When setting type by hand you can add a word space between each word as you compose the type into your stick. The comp has four different width spaces available in the typecase: a 3-em space, a 4-em space a 5-em space and a thin space. The nomenclature is potentially confusing: a 3-em space is not as you might assume 3-ems wide, it means that three of these spaces will make up one em; thus a 4-em space is narrower than a 3-em space and so on. When you reach the end of the line you can see whether you need to add more space , or maybe take out some. This means you’d go back over the line substituting smaller word spaces or maybe adding thin spaces to fill out the line. Every line however has to be exactly the same length, so it can be locked up in the forme, without any loose type dropping out. For the human brain justification and word spacing is a relatively simple operation: we are good at judging even spacing. For a machine it’s a nightmare.
For a machine the difficulty of word spacing is that it doesn’t know how much space will be left over in the line until it’s finished setting it. With early typesetting machines this means someone had to go back over the line afterwards and drop in word spaces to fill out the line exactly. If they ended up with too much type in the line then they would have to break the last word, turning part of it over (following the strict rules) to the next line. After that the word spacing would have to be adjusted all over again to fill the measure. Clearly, no matter how slick your keyboarding was, having to do this every time the end of a line in reached would slow you down the process — back down actually to about the same speed as a hand type setting.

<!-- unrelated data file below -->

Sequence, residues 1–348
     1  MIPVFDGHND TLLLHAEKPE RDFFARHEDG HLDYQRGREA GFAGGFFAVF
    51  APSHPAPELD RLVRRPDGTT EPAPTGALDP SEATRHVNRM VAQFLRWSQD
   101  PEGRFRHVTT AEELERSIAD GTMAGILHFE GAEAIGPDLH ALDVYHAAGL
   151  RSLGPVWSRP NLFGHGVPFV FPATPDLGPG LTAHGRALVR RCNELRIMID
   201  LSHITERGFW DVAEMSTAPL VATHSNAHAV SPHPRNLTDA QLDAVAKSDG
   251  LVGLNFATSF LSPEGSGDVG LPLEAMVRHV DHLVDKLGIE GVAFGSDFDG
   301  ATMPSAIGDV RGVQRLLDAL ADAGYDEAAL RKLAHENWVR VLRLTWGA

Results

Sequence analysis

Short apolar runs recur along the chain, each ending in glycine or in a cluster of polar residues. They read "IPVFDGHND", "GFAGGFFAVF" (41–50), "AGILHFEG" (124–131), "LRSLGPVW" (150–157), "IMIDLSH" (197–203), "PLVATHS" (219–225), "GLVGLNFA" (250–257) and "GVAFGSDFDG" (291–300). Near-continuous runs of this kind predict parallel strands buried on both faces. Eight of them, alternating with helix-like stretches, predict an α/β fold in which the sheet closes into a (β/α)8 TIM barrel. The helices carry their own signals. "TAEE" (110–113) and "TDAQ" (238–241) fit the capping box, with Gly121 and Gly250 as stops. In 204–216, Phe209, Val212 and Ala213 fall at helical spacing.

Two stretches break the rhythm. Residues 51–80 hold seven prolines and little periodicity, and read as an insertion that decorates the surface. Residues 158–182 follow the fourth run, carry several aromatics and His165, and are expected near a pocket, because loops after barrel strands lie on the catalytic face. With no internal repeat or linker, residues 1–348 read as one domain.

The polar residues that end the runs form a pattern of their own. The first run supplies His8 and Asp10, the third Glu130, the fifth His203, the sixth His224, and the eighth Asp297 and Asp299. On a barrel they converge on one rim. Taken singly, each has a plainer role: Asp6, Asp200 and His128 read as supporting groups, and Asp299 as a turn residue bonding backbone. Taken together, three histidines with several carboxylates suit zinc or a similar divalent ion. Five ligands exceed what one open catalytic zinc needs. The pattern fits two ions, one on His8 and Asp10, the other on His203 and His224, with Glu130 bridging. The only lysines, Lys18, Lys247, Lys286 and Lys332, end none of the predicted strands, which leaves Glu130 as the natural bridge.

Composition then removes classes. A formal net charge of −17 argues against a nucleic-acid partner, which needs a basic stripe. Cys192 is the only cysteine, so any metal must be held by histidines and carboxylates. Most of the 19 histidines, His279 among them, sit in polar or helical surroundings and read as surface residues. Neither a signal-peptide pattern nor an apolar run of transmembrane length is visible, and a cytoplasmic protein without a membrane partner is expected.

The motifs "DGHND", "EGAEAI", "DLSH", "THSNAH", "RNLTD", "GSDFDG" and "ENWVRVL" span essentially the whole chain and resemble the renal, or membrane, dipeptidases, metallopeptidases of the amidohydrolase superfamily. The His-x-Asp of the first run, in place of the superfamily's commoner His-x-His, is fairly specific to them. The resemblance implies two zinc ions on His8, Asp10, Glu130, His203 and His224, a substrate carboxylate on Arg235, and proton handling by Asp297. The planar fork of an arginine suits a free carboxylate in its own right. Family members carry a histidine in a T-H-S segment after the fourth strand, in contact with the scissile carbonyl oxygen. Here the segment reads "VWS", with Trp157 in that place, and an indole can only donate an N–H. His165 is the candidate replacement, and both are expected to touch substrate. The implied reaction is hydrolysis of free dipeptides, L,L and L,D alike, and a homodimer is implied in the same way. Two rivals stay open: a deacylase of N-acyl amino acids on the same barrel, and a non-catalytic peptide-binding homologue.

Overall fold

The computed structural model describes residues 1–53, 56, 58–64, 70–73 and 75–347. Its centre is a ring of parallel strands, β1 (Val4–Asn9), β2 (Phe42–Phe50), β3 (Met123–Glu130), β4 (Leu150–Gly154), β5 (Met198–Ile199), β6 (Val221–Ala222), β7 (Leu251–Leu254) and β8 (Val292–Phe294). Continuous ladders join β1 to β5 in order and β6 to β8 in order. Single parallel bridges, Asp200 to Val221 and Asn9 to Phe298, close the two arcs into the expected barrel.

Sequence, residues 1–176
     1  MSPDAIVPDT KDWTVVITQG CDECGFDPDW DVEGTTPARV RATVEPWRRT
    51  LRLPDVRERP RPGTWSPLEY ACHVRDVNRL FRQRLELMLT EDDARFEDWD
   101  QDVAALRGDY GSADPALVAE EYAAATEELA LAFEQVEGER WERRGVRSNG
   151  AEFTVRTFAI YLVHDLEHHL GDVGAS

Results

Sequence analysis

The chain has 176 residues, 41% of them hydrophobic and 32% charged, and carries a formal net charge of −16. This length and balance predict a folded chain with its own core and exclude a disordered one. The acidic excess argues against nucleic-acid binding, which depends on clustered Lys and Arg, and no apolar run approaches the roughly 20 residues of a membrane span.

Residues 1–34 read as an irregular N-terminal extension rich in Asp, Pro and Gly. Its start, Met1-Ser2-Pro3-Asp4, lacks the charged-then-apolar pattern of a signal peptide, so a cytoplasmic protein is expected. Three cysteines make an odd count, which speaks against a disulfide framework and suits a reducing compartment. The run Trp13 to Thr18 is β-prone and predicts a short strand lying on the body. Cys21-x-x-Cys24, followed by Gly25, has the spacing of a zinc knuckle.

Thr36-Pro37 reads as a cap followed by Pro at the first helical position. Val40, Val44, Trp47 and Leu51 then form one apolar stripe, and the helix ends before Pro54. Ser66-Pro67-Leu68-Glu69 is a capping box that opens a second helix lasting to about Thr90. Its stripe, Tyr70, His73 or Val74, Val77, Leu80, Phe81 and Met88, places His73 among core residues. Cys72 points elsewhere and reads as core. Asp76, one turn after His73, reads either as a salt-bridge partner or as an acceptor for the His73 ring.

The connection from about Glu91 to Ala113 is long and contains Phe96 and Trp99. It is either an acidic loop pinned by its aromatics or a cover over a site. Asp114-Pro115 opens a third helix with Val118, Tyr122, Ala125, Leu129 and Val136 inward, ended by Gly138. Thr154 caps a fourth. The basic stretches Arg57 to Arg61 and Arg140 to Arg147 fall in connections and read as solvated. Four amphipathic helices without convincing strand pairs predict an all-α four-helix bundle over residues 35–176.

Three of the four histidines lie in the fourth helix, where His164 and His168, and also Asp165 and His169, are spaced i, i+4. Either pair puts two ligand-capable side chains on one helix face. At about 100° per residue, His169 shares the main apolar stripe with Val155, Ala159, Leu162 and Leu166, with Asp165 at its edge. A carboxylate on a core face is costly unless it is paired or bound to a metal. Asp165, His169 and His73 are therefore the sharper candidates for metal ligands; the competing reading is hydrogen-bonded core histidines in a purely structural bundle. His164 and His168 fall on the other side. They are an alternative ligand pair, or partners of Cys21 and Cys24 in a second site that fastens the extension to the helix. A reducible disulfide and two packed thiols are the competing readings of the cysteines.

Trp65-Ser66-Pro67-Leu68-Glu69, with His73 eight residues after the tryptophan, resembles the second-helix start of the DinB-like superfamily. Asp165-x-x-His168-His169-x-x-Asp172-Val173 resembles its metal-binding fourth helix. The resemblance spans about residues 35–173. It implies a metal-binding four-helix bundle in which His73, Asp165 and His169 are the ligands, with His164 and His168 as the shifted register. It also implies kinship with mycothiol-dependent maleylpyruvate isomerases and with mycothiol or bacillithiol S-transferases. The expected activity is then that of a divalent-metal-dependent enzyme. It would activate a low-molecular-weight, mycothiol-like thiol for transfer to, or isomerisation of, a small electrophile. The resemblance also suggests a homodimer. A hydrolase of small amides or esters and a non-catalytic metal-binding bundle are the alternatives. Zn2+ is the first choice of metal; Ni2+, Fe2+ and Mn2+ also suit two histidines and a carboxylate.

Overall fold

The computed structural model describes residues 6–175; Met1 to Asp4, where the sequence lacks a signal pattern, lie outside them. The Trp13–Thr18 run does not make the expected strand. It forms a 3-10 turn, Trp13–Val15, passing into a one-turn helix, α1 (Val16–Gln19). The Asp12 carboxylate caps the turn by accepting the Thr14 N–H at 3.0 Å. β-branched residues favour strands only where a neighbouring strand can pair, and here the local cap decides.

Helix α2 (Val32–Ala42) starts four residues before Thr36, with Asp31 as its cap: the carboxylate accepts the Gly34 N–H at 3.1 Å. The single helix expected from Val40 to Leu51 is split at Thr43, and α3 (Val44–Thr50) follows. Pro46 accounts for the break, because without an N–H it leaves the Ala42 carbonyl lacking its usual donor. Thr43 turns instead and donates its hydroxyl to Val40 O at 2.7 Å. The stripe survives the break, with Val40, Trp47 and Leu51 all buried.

Here’s a Monotype keyboard. As the keys are depressed they perforate the paper tape seen cropped off at the very top of the picture. Knowing the width of each character the machine counts down from the full measure, The revolving drum with the ruled grid just below the paper tape shows the current calculated result. The little arrow on the descending bar shows the operator the point at which the line should be ended and spaces added and trips a warning bell. So at the end of each line, the paper tape carries an indication of how wide every word space in that line should be. When the tape goes to the caster it is read backwards, and thus for each line, the first thing the caster knows is how wide each word space should be in that line. Pretty neat.
Early Linotypes, introduced first in 1884, had no solution to the problem, and a second operator had to insert spaces before the line of type was cast. The solution to this slow-down in operation was spacebands. A tapering space band in two sliding pieces, wider at the bottom, narrower at the top would be placed between the matrices making up every word. When the line was full the space bands would be hammered upwards, expanding equally to exactly fill the measure. The Mergenthaler Company was sued for their use of this patent, and adapted their system to a similar step-driven system which wasn’t as smooth in operation. After much litigation J. D. Schuckers was awarded the patent rights to the double wedge justification system. He sold the patent to John Raphael Rogers for a relative song, and the Mergenthaler Company had to acquire the rights when they bought out the Rogers Typograph Company in 1895 for $416,000. At this point they abandoned the step system.
The problem of word spacing which was so hard for machines to solve has now reverted to the simple problem it is for the human eye and brain, now that just that sort of knowledge is available in the computer.
For evidence of a word space being printed in error see Word space.